Never, by Ken Follett

Nine stars

Ken Follett returns with another stunning novel, where political and social action are layered throughout. Follett proves that some stories require a slow and intricate delivery, which can take time and many pages. Three significant goings-on take place in different parts of the world, each with their own implications. As tensions rise and political actors demonstrate their power, all eyes turn to the US president and how she plans to handle the crises. What begins as a mistake with a drone strike soon mushrooms into a cataclysmic event. All eyes look to the two counties who can solve it, though they are are odds as well. A brilliant piece that had me on the edge of my seat throughout, proving that Ken Follett still has it.

The world is an extremely precarious place, as politics weave their way into every possible situation. The country of Chad, long known to be full of corruption, is at the heart of a political situation involving two intelligence agents who are seeking to rid the region of a ruthless terrorist group. While no one said it would be easy, what’s even more difficult is trying to ignore the ongoing romantic sentiments that have developed. Lives and reputations are on the line, though no one seems too worried quite yet.

A strong supporter of some less than democratic regimes in the area, China is keeping its eye on what has been going on, including a senior government official who hopes to climb the ranks of the Communist Party, leaving the old wing in his dust. However, it is a delicate balancing act just to get one’s views noticed, let alone herd by those with some power. As a situation in Chad leaves China feeling vulnerable, talk of retaliation against America begins, with an annoying cousin nation, North Korea, happy to play a role in the action.

The American president, Pauline Green, has been facing a great deal of backlash as the country’s first female POTUS, both from the people and within the Republican Party. She’s held them off as best she can, but wants to make a name for herself in whatever way possible. Unwilling to go to war over something that could be handled with diplomacy, Green works channels for peace after a gaffe in Africa sees the Chinese boiling with ire. Events domino and the blowback gets more and more troubling, leaving both sides unwilling to turn the other cheek. It’s time to test resolve, diplomacy, and nuclear arsenals, but who will blink first and become the ultimate aggressor?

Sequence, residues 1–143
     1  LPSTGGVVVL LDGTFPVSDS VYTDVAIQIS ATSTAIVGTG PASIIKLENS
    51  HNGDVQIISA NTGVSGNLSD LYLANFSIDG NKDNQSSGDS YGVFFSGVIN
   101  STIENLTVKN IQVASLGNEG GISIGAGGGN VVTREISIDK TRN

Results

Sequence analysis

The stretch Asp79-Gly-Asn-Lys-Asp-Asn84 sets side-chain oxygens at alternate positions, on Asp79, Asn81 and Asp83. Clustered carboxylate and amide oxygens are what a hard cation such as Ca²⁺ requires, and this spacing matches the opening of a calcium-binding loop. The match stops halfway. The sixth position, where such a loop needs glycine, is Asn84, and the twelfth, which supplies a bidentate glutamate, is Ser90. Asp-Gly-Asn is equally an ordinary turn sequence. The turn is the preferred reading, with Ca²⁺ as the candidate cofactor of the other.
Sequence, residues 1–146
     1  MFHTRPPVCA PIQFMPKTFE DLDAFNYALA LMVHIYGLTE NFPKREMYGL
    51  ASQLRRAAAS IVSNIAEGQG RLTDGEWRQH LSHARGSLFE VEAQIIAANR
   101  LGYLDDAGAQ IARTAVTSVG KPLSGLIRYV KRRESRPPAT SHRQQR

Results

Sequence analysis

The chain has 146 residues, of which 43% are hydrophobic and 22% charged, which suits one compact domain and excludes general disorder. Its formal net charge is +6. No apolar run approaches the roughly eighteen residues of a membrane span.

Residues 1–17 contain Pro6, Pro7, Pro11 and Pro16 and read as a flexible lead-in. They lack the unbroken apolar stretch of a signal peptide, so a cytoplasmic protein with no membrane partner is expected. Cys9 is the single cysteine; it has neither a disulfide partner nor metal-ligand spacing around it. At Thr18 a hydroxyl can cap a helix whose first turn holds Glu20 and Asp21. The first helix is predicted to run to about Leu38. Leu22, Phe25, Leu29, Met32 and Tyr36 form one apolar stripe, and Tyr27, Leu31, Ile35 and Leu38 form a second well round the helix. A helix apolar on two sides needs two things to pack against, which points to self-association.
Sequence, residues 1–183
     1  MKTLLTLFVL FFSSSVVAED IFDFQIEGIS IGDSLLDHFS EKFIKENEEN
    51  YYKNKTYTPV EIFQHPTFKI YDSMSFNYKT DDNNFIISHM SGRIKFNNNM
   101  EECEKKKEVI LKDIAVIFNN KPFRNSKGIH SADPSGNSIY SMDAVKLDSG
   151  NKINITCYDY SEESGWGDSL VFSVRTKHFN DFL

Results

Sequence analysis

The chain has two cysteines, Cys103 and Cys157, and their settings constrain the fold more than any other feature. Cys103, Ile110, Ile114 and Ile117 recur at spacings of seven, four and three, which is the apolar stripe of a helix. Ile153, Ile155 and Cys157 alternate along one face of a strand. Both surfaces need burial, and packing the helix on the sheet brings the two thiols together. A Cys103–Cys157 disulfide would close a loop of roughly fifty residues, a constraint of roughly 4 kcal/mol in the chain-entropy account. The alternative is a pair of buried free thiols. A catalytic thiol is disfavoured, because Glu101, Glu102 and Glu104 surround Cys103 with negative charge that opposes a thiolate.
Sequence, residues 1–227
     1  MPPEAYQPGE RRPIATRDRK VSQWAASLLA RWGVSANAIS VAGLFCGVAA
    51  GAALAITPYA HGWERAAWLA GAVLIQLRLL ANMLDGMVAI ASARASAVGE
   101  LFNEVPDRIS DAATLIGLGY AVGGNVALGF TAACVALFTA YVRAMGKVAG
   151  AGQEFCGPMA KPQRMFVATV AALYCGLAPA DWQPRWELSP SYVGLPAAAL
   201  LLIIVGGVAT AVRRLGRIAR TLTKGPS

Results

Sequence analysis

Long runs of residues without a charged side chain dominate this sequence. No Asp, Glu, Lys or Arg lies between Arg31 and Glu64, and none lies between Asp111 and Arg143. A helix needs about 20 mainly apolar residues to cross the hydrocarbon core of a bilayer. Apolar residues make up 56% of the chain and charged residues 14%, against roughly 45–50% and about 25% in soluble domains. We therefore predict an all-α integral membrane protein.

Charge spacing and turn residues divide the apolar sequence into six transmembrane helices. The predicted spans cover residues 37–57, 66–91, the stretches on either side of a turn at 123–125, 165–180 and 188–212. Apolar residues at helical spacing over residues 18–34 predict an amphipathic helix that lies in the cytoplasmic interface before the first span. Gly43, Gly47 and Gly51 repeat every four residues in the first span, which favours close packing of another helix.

As the world watches, two superpowers do the dance and use their proxies to lay the groundwork for what could be a third and cataclysmic world war. It’s now time to see how things will go, in hopes of finding a final solution. Otherwise, it will be the obliteration of millions, if not billions, of lives and an end to any possible civility. All this, culminating in an act that no one could have predicted. A brilliant piece by Ken Follett that left me gasping aloud on many occasion and begging for more of this sort of book.

Ken Follett returns with a piece that is both sensational in its delivery and devastatingly chilling in its plausible nature. Putting politics, regional skirmishes, and the art of diplomacy in the spotlight, he hints at how the dominoes could fall, leaving everyone grasping for a shred of sensible maneuvering in a time when one wrong move could lead to disaster. His three-pronged storytelling is masterful and left me in awe, as things slowly inched together in a tale that is as plausible as anything seen in the news today. All the actors are there, with their own flavourings, in a narrative that leaves the reader feeling on the front lines.

There are many who take up the role of protagonists in their own right, forcing me to look at the larger character pool. Follett develops his characters with great backstories and powerful personal growth, pushing them to blossom as the story unfolds. There are many whose lives receive some of the limelight and this helps add depth to the overall story for all to enjoy. Politicians, intelligence officers, and even every day citizens play their role to shape the narrative and keep the plot from being too easily revealed. Brilliant efforts by Follett make it all worthwhile.

I have never come across a book by Ken Follett that I did not truly adore. His detailed narrative builds up a story like no other, using surrounding situations and people’s personal views to shape how things will go. Strong characters are always a key part of the story and Follett never fails there either, using believable names and scenarios to make things click. Plot lines that work effectively help shape the larger story and keep the reader enthralled with all that is taking place, culminating in some of the tensest storytelling I have come across. I could not get enough of the story, its intricate detail, and the plausible nature of things, based on the world in which we live. As Follett mentions in the opening, just like the Great War, the next ‘great war’ could be fought because politicians could not stop the momentum of something they did not want themselves.

Kudos, Mr. Follett, for a sobering and stunning look at the political landscape of hate world today. I hope many of your dedicated fans will take some time to enjoy this piece and feel as strongly as I do about it.